No life is born without sacrifice. I didn't fully know the cost, but in some ways I am glad I was a little ignorant, otherwise I may not have had the courage to move forward. The stinging of torn flesh, the pang of intermittent contractions as the uterus shrinks back to size, the agony of being feverish while engorged with milk, the excruciating first attempts at nursing, the backaches resulting from the tension of being in pain in the first place - some of these caught me off guard. I didn't know my body could sustain pain in so many iterations.
Each day I ask God to explain why the aftermath of childbirth has to be this difficult. I look for profundity in the most painful moments, searching for a spiritual principle or metaphor to redeem the experience for me. I haven't clearly located his voice in any of the moments from which I have intentionally tried to extract meaning.
As it is wont to be, his voice has not been in the earthquake, nor in the fire, but in the silence. When I am quiet before him he says it is enough to walk on - no need to derive lessons or shape narratives just yet around this time. If they are there, they will emerge, but for now it is enough to inhabit my body, to bless and not curse it, and to face another day with thanksgiving.
Regarding the full rationale for the grueling healing process that overlaps with the challenging first days of parenting, there are no satisfactory answers, at least for me. My attempts to spiritualize the experience have been unsuccessful, and I struggle to accept the Lord's encouragement that it is enough to simply persist. There are partial explanations for this time, but for the most part, in thinking about the purpose of prolonged physical suffering following childbirth, I feel as though I am staring into a void.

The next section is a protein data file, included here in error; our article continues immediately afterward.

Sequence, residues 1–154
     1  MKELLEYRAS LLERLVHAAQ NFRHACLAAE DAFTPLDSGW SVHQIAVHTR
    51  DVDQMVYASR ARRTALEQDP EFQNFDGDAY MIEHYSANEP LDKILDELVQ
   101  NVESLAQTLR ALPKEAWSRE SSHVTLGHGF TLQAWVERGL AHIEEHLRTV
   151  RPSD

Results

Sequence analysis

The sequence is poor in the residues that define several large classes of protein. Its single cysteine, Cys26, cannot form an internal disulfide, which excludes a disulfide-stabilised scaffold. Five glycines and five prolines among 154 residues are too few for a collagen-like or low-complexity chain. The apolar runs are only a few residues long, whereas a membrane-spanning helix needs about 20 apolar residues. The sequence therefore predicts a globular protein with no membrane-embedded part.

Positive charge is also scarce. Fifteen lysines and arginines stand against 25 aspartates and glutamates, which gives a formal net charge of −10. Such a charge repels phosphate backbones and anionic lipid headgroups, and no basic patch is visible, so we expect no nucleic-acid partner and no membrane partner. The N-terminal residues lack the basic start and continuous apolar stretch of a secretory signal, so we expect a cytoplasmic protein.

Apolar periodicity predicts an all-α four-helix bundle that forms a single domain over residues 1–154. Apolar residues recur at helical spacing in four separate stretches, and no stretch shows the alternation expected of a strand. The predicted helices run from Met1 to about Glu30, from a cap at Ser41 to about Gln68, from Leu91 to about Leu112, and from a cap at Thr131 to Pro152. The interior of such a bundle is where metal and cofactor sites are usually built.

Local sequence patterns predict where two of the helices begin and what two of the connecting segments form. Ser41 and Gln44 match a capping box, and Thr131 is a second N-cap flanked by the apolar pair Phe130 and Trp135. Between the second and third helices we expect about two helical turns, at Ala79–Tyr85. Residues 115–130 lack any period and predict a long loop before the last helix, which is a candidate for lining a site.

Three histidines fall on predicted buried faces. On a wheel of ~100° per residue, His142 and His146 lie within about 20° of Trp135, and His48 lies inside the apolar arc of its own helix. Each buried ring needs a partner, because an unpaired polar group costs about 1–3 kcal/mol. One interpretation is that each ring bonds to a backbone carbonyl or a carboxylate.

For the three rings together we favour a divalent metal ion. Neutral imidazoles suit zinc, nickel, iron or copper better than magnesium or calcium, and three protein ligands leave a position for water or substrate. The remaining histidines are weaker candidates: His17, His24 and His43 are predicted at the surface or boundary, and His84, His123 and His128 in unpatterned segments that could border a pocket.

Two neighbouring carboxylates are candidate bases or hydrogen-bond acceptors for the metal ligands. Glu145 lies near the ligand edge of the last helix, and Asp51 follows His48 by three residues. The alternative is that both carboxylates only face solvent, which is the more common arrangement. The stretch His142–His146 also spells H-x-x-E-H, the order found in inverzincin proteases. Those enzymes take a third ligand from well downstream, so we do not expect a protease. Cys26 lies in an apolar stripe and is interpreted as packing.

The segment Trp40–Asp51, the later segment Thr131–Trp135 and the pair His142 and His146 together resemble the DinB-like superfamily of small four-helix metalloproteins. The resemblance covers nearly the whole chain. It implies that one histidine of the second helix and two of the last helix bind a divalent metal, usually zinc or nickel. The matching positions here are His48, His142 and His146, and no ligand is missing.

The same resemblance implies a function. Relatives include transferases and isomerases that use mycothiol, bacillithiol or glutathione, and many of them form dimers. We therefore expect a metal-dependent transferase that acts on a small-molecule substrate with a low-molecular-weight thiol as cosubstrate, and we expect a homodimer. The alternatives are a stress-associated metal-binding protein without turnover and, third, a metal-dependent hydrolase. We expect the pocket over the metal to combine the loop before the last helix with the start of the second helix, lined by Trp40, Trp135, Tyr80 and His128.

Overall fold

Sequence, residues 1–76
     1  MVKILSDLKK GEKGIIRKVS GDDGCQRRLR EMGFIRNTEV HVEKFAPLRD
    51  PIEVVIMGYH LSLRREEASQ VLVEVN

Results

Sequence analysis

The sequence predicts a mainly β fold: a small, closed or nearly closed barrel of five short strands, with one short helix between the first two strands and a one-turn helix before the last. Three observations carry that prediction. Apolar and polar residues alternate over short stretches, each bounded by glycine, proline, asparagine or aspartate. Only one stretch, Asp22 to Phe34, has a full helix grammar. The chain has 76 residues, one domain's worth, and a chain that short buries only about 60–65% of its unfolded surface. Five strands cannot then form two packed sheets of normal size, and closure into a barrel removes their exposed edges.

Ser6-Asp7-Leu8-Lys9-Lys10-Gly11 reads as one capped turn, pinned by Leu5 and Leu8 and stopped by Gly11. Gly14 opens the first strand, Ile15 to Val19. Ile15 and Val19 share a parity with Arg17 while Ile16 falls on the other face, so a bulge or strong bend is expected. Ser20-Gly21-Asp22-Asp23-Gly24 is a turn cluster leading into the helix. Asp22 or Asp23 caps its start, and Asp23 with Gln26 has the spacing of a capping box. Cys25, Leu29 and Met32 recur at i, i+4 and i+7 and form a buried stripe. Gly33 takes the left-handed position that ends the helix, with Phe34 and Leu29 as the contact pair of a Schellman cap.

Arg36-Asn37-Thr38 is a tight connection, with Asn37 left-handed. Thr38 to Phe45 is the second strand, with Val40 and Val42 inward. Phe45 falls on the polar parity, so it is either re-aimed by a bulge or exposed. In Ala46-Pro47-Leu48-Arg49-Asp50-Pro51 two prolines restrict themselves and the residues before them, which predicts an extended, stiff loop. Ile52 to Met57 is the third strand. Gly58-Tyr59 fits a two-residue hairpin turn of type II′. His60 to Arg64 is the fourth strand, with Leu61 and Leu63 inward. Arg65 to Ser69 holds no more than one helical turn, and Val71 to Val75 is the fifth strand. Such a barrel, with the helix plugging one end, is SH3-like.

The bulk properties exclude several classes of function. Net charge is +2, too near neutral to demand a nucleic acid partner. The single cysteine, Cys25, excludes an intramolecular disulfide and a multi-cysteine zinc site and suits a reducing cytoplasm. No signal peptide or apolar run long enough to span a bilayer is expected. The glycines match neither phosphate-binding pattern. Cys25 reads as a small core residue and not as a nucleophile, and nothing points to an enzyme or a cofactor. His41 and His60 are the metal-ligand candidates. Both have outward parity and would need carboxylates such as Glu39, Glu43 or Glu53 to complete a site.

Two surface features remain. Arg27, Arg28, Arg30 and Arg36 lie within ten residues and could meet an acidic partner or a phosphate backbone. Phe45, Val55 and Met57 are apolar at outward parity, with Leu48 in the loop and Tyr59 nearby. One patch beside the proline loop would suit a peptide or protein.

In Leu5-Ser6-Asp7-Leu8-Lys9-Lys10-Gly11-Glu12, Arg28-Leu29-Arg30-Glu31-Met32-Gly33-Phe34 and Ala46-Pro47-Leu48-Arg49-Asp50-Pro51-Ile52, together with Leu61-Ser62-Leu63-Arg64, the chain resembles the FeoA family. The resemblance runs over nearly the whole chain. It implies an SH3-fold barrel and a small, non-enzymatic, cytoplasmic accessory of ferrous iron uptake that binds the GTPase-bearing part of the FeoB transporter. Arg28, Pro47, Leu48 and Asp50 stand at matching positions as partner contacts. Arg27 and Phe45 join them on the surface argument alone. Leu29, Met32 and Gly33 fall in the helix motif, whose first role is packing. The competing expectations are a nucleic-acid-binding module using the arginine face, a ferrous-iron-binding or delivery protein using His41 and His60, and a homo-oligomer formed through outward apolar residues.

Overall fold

Marilynne Robinson often writes about how a value for mystery is lacking in modern faith, and how essential it is for us to cultivate a Christianity that admits to not knowing answers, even being content and moved to awe by the knowledge that there are questions in this life that will only be answered in eternity. This has become my prayer - teach me, Holy Spirit, to be still before you and to look into the mystery with wonder, not despair, at its vastness.
"He said, “Go out and stand on the mountain before the Lord, for the Lord is about to pass by.” Now there was a great wind, so strong that it was splitting mountains and breaking rocks in pieces before the Lord, but the Lord was not in the wind; and after the wind an earthquake, but the Lord was not in the earthquake; and after the earthquake a fire, but the Lord was not in the fire; and after the fire a sound of sheer silence. When Elijah heard it, he wrapped his face in his mantle and went out and stood at the entrance of the cave." 1 Kings 19